February 27, 2008 edition

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TOP STORIES:

The School of Law plans to move to Carolina North.

The possibility of such a move has been talked about for a while but grew more serious in spring 2007 after a report from SmithGroup identified an array of structural deficiencies in the current building on Ridge Road.

The plan to move became official Feb. 15 when law school Dean Jack Boger announced that the school intended to pursue construction of a new building at Carolina North. This makes the law school the first academic program to commit to locating at the University’s new mixed-use academic campus.

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Larry Conrad became Carolina’s vice chancellor for information technology and chief information officer on Feb. 1. He came here from Florida State University, where he was chief information officer since 1998 and for the past five years was also associate vice president for technology integration. The Gazette recently spoke with Conrad about the role of technology at a major research university like Carolina.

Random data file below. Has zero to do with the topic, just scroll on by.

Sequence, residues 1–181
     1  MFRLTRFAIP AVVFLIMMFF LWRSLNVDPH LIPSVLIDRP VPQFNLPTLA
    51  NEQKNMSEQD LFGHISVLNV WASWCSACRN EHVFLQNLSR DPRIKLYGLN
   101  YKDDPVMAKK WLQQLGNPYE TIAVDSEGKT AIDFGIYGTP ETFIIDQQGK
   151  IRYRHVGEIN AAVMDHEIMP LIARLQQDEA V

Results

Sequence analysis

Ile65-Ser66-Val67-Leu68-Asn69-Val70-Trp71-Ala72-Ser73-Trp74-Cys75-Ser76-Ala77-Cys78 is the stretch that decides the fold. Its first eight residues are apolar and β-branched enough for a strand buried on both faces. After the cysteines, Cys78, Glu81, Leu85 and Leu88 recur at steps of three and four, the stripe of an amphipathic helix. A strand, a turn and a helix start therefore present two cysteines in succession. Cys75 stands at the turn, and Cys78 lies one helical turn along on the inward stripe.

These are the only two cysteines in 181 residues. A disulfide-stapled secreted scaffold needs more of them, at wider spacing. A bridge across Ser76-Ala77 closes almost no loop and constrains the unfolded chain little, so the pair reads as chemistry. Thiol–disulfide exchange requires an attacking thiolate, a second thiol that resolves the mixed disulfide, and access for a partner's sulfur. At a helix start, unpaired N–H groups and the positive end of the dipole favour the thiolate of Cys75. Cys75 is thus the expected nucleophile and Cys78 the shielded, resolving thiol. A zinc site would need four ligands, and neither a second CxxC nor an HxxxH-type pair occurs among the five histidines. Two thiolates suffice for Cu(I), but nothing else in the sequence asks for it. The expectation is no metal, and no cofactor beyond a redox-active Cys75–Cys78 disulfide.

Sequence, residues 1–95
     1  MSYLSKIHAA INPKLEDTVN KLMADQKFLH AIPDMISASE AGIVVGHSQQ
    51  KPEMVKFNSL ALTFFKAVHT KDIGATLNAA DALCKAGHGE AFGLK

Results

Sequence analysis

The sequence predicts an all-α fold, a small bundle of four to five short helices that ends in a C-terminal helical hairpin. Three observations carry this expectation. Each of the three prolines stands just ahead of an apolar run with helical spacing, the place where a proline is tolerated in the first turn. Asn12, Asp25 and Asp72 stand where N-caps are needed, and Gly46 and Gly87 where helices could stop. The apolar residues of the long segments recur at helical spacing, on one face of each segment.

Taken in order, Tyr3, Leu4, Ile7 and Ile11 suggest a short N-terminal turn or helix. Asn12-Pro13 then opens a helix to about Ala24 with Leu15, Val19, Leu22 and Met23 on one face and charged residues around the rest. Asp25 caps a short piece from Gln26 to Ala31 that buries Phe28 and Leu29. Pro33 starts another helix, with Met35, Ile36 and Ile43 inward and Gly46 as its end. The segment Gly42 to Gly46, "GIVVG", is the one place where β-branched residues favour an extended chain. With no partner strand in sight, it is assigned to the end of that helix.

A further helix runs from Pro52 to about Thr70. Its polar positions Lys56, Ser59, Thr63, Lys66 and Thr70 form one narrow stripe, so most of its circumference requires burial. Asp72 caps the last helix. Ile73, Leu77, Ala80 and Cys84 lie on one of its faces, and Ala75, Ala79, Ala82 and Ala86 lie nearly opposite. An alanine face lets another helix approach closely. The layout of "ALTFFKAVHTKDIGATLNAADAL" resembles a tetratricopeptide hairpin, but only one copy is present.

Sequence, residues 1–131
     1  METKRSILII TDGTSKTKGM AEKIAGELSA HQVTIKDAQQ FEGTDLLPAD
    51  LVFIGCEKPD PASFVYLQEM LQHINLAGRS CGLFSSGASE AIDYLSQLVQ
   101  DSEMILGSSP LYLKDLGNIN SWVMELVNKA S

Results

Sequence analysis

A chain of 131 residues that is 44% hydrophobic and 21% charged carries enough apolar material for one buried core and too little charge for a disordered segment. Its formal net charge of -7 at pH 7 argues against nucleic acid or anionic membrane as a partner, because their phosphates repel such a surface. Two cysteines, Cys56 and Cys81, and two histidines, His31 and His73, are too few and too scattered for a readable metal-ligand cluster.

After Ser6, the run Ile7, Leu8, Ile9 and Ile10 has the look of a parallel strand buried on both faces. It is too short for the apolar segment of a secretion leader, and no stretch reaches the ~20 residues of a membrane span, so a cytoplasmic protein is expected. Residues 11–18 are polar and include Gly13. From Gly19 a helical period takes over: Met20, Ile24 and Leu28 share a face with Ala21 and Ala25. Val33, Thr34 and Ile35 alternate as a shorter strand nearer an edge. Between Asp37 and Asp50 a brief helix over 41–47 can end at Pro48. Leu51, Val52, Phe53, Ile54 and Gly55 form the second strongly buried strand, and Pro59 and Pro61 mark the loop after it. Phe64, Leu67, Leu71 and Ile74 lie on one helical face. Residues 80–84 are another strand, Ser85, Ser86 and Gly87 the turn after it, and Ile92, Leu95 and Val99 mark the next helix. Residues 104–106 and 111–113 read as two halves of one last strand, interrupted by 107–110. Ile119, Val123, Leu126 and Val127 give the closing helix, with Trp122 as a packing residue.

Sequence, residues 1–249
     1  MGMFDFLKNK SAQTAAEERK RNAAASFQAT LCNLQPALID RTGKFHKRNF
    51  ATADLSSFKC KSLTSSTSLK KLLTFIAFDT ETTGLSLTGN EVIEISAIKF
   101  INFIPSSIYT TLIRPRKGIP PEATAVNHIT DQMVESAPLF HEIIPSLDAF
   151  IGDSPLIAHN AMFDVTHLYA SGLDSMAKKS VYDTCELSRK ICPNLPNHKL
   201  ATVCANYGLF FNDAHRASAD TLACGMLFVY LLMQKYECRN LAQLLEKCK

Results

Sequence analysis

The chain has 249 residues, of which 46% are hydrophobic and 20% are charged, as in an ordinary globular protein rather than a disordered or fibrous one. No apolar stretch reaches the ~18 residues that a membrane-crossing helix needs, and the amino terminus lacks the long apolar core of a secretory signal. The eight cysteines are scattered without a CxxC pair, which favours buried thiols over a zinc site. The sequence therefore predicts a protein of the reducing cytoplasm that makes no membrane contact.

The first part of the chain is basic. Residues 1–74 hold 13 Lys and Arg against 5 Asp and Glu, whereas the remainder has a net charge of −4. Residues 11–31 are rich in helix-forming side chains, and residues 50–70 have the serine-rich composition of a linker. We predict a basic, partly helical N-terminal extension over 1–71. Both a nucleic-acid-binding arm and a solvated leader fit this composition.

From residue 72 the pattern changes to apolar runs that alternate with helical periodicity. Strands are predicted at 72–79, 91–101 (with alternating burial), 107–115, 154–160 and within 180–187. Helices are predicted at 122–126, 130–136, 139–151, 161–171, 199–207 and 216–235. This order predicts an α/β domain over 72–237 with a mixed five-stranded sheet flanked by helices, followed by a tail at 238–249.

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Nearly a year into the exceptional drought experienced by much of the state, water reservoirs have not yet begun to rebound.

For water customers in the Chapel Hill-Carrboro area, that could mean additional water restrictions.

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The University has announced the recipients of the 2008 University Teaching Awards, the highest campuswide recognition for teaching excellence.

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Many people graduate from Carolina equipped with the confidence — and commitment — to change the world.

But undergraduates who venture off campus to study abroad in the middle of their college careers often have a different story to tell when they return.